I have a strange issue whenever trying to stop/start a daemon as a regular user, it asks to authenticate with the credentials of another regular user - for example:

[bob@server ~]$ systemctl stop some-daemon.service
==== AUTHENTICATING FOR org.freedesktop.systemd1.manage-units ===
Authentication is required to manage system services or units.
Authenticating as: alice

Why is it asking for alice to authenticate when bob is logged in, and how do I fix this?

  • What does the service config file look like? – Jenny D Mar 29 '17 at 14:02
  • @JennyD: Where is the file location of the config? – Jack O'Leary Mar 29 '17 at 14:05
  • What you want? You want start own copy service for each user? E.g. start own VNC-daemon for alice and own VNC-daemon for bob? – Alexander Tolkachev Mar 29 '17 at 15:25
  • @AlexanderT: Each user needs to have their own vncserver, that's how it's designed, so yes - that is more or less it. Bob isn't running a vnc server though, he's running something unrelated, yet when he tries to start it systemctl asks for alice's password... ( shrug ). – Jack O'Leary Mar 29 '17 at 17:47
  • @JackO'Leary, you could try to use systemd --user as it described in this article. Otherwise, you could give sudo for each user for required services. – Alexander Tolkachev Mar 29 '17 at 20:03

Your system is using the polkit Authorization Manager and the message is from the file /usr/share/polkit-1/actions/org.freedesktop.systemd1.policy. polkit can be configured in /etc/polkit-1 and /usr/share/polkit-1 directories, more specifically in the rules.d and actions subdirectories. See the Polkit man page for more information.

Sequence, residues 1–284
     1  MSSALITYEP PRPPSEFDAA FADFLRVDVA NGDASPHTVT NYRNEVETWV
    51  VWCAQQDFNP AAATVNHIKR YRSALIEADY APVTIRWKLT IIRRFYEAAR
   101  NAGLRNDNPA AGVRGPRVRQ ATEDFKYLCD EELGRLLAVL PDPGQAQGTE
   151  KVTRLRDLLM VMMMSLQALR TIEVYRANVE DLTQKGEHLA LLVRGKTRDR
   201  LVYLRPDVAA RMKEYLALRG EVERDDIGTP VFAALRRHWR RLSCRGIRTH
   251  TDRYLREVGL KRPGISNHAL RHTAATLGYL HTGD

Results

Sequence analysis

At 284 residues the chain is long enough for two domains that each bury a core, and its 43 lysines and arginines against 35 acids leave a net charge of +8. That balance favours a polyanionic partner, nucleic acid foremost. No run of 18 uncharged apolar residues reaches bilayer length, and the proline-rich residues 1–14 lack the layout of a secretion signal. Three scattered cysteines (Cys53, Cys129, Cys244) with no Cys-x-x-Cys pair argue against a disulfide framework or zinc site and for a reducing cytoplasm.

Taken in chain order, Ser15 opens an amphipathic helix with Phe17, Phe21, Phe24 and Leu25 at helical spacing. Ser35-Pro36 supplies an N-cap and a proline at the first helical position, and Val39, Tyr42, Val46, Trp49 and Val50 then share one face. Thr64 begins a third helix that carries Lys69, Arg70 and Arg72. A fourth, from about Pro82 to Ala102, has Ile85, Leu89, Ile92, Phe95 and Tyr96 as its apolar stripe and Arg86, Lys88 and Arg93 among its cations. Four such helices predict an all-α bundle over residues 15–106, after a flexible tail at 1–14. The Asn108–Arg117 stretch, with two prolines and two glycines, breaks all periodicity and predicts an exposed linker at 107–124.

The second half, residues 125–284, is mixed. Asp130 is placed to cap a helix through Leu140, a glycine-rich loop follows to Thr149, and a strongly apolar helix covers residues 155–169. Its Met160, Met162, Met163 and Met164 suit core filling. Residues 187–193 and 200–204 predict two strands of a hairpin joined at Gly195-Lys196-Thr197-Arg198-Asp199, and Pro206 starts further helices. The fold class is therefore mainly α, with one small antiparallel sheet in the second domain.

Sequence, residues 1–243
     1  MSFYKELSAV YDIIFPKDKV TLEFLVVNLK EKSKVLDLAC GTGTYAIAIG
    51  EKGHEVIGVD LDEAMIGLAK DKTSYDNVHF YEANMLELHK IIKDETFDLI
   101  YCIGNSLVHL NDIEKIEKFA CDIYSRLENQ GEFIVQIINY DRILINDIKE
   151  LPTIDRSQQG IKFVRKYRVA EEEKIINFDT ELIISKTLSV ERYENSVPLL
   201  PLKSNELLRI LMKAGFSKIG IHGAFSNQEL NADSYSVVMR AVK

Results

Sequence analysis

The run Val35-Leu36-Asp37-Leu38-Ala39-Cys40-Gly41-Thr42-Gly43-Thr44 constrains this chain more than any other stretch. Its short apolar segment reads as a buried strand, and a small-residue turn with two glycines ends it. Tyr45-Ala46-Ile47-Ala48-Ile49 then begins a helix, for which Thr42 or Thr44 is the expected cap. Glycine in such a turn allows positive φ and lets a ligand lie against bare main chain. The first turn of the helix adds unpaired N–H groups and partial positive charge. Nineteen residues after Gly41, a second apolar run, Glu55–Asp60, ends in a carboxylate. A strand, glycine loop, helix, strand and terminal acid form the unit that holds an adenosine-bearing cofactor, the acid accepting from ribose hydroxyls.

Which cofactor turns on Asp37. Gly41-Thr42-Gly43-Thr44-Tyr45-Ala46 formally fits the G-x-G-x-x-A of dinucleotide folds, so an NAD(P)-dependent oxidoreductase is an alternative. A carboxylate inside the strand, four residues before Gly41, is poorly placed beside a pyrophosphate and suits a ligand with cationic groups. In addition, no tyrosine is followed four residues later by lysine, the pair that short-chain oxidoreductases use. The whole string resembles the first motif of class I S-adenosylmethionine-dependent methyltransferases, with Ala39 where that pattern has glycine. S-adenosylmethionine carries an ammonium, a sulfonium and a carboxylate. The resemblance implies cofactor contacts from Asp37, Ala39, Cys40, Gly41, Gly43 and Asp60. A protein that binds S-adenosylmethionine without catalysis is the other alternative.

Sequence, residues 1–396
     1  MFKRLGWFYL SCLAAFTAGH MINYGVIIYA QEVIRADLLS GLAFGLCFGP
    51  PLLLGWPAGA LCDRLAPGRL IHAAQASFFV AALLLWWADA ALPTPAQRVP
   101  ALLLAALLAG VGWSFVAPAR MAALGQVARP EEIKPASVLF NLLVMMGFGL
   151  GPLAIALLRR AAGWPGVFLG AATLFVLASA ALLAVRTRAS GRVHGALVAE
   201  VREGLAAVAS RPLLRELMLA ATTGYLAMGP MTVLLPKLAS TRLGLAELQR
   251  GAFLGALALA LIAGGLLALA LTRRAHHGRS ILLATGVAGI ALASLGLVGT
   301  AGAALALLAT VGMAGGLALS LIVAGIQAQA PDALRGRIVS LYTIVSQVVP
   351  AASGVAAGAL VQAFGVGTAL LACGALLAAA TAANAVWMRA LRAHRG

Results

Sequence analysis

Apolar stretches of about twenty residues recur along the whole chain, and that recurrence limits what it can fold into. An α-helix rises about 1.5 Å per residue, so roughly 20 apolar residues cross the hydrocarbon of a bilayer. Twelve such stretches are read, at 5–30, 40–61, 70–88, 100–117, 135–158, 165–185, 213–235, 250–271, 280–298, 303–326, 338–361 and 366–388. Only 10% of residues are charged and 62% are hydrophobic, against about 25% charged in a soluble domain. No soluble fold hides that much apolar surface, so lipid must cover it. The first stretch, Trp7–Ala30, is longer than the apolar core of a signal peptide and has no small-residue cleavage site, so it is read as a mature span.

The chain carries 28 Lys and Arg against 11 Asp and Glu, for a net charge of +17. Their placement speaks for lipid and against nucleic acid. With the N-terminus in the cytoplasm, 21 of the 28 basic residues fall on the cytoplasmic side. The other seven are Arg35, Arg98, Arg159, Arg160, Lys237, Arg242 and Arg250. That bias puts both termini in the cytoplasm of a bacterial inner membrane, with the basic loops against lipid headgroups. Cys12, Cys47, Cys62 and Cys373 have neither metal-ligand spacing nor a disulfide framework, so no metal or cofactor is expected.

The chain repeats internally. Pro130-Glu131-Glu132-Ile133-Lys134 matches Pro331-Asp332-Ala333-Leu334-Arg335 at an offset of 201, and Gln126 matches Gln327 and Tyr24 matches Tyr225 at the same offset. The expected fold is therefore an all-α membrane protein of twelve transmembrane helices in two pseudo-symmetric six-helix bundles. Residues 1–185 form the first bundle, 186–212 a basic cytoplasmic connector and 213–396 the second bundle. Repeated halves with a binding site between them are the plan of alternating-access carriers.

• From the documentation: "polkit allows users to obtain temporary authorization through authenticating either an administrative user or the owner of the session the client belongs to." Maybe this can give a clue to why it is asking for alice's password. – Johan Myréen Mar 29 '17 at 14:35
  • I think you're onto something here, although I'm still completely lost on where to remove the rule or whatever it is of the other user that keeps asking to authenticate. I looked in both of those directories and even did a grep for "alice" and nothing was returned. – Jack O'Leary Mar 29 '17 at 14:37
  • You said earlier that you did a su - alice before starting the vnc daemon. I guess that makes alice the "owner of the session the client belongs to". – Johan Myréen Mar 29 '17 at 14:46
  • What doesn't make sense though was that it was only done for one service, which was then stopped and the user logged out. The other service for bob shouldn't have anything to do with alice as it was something completely different — It's very strange ... I wouldn't mind disabling polkit altogether if this is what it's normal behavior is like. – Jack O'Leary Mar 29 '17 at 14:51
  • You can find out who the owner of the session is with the loginctl command. This could confirm or disprove my theory that polkit is asking the owner of the session to authenticate. I really can't say why alice is the owner in this case. – Johan Myréen Mar 29 '17 at 18:26

When managing system services, you need to do it as root not as normal user. This is indicated by $ character at the end of shell prompt.

You can either use sudo command or switch to root (root shell usually indicated by # char).

  • 1
    Even If I'm doing it as root it asks for the normal users authentication. Basically the root user did su - alice, then systemctl to start their vnc daemon, but now it asks for their authentication for every systemctl no matter what it is... – Jack O'Leary Mar 29 '17 at 13:51
  • I got the error message when I typed '/etc/init.d/munge start'. Adding sudo fixed it. Thanks! – fchen Jul 22 '18 at 18:25

Check /etc/groups and sudoers rule. This can happen if a person added themselves to the wheel group and became root that way.

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